Primary and secondary education
The New Mexico Public Education Department oversees the operation of primary and secondary schools; individual school districts directly operate and staff said schools.
New Mexico is one of eight states that fund college scholarships through the state lottery. The state of New Mexico requires that the lottery put 30% of its gross sales into the scholarship fund. The scholarship is available to residents who graduated from a state high school, and attend a state university full-time while maintaining a 2.5 GPA or higher. It covered 100% of tuition when it was first instated in 1996, decreased to 90%, then dropped to 60% in 2017. The value slightly increased in 2018, and new legislation was passed to outline what funds are available per type of institution.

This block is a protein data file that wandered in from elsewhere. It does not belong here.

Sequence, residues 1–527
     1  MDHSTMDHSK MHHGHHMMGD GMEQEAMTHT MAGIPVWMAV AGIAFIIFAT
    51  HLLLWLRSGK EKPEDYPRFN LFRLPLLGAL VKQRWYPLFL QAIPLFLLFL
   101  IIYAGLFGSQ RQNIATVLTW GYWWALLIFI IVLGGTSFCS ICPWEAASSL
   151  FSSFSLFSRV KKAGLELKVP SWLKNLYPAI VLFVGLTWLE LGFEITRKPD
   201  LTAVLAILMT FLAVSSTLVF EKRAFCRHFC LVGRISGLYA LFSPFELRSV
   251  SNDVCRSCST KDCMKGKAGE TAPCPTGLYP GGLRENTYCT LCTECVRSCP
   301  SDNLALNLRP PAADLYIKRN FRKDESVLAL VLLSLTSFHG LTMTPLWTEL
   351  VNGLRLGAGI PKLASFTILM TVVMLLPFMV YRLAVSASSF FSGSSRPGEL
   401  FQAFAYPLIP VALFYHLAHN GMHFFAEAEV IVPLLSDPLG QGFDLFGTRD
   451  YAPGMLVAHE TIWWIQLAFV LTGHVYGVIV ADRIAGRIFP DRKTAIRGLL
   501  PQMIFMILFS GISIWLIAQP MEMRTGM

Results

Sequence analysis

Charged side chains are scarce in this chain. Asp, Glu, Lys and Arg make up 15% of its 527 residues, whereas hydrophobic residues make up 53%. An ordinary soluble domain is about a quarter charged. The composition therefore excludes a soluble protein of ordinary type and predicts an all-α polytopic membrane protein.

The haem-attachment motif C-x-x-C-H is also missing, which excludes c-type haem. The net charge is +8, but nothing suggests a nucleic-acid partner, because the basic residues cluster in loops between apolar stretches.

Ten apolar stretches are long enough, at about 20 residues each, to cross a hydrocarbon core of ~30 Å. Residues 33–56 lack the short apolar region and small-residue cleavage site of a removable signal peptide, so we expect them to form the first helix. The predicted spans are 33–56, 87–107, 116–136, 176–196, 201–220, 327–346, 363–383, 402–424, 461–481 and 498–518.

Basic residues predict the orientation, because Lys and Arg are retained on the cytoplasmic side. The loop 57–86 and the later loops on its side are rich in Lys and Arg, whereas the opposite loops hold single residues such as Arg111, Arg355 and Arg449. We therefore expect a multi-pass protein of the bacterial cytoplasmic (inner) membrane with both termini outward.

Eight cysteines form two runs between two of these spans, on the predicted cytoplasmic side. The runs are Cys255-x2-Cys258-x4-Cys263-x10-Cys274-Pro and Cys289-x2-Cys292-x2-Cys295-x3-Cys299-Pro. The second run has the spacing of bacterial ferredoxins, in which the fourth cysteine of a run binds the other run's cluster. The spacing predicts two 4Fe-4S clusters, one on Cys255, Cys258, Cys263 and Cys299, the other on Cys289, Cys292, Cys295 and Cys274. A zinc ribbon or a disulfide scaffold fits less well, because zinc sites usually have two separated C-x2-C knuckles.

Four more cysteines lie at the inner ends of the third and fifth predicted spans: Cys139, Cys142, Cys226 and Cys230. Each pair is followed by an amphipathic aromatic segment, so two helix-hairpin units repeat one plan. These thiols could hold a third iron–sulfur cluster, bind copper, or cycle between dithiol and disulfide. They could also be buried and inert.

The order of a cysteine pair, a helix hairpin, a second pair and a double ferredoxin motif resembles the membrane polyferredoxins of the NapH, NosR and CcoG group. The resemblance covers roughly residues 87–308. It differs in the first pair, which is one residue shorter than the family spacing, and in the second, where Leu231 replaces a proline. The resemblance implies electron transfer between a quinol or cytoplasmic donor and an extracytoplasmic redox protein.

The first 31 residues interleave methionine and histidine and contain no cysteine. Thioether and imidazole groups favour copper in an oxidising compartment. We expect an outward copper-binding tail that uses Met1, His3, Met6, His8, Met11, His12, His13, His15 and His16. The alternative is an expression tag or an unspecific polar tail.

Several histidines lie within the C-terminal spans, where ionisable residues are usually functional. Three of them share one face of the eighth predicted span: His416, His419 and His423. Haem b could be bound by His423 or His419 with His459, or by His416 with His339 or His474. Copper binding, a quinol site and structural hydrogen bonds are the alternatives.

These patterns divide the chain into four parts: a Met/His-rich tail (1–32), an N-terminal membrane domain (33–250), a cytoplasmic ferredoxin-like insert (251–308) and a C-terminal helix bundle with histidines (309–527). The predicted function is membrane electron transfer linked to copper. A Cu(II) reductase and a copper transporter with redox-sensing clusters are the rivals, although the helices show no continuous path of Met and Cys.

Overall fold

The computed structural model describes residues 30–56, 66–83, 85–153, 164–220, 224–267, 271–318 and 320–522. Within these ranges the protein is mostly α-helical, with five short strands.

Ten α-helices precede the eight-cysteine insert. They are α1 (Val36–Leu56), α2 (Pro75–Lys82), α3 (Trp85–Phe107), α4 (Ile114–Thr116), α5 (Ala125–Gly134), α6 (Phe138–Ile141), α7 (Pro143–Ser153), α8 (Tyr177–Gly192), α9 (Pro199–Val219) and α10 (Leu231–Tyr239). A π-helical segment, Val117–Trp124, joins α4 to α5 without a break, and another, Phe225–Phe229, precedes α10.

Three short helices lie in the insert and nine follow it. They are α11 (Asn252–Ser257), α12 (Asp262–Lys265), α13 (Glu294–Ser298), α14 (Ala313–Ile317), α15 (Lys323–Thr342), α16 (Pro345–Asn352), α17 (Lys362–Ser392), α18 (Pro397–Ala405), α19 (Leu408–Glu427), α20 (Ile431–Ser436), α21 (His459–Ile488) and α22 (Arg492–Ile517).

Major Research Universities
- University of New Mexico at Albuquerque
- New Mexico State University at Las Cruces
- New Mexico Institute of Mining & Technology at Socorro
Regional State Universities
- Eastern New Mexico University at Portales
- New Mexico Highlands University at Las Vegas
- Western New Mexico University at Silver City